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Tuesday, 05 December 2006 06:52

Robert Gates Hearing for Defense Secretary is Much Ado about Nothing: Policy Change Still in Bush's Hands

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Secretary of Defense nominee Robert Gates looked pretty slick in his Senate confirmation hearing today. He readily agreed we are not winning in Iraq, "what we are now doing is not satisfactory," and that we need a new plan that should eventually involve "a dramatically smaller number of U.S. forces than are there today." At times, Gates almost sounds like a Democrat from two years ago.

But don't get your hopes up for any real change resulting from a Secretary Gates. At the end of the day, he will still be subservient to the decisions of Bush, Rove, and Cheney. Already his testimony has shown little substantial departure from the status quo: he thinks timetables would appease the enemy, has no opinion as to when and how to withdraw troops, and has no interest in doing anything proactive to catch bin Laden ("The way we'll catch bin Laden eventually, in my view, is that just as in the case of Saddam Hussein, one of his people will turn him in").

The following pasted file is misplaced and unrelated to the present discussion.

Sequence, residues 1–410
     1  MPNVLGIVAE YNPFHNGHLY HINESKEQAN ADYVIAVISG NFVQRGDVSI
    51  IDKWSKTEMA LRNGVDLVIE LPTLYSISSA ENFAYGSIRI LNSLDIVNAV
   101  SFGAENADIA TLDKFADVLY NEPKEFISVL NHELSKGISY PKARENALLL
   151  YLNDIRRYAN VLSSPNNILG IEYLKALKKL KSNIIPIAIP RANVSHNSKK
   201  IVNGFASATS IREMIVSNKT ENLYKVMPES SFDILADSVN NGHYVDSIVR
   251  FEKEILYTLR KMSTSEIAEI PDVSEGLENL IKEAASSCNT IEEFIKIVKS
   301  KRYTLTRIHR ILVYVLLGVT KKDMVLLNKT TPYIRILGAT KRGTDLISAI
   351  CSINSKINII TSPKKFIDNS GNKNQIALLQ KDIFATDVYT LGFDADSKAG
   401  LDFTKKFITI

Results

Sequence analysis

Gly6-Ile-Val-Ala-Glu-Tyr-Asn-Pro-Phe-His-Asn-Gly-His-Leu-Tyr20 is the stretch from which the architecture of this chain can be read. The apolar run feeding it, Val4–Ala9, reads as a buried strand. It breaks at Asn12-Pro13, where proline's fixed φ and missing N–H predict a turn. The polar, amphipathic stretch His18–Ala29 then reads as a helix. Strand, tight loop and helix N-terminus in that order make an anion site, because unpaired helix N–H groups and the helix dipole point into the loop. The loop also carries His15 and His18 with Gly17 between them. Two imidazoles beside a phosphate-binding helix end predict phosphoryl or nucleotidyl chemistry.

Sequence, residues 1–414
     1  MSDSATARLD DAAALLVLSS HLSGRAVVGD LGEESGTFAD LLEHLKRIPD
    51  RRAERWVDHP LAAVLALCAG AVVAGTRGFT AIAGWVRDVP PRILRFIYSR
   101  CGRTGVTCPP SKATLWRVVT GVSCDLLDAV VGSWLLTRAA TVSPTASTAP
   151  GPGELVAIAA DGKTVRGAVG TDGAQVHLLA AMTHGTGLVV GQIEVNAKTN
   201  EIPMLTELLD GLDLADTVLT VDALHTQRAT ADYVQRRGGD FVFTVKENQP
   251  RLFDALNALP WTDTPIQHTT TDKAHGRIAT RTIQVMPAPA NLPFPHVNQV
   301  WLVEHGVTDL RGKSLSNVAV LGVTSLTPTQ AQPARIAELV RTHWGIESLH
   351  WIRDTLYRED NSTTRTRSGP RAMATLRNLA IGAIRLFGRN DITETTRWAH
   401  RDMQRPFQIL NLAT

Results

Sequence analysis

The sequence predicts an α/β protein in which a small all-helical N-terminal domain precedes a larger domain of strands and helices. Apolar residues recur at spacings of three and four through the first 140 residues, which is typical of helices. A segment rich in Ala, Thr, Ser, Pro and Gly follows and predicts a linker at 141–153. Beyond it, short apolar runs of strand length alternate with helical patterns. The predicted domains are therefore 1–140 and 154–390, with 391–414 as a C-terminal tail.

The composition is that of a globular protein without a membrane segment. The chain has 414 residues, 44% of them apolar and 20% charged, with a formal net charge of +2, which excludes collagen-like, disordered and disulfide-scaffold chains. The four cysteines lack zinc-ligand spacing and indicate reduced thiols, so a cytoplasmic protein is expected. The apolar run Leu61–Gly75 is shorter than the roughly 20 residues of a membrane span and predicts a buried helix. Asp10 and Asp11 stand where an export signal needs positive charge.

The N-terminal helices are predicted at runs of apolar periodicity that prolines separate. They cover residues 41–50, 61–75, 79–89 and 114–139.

Gates may bring a fresh face to the Bush Administration, but he will hardly present anything original during the very short time he will be in power. Gates himself said today, "frankly there are no new ideas on Iraq. The list of tactics, the list of strategies, the list of approaches is pretty much out there" in the public debate. Gates was actually a member of James Baker's blue-ribbon Iraq commission until his nomination.

Donald Rumsfeld's firing was long overdue; he will not be missed. Gates will probably not be a total clone, but his addition will do little to get our troops home. That decision, at the end of the day, lies with George Bush. The symbolic changing of the guard at the Pentagon is not enough. We need real change now, and we must not be distracted by this red herring.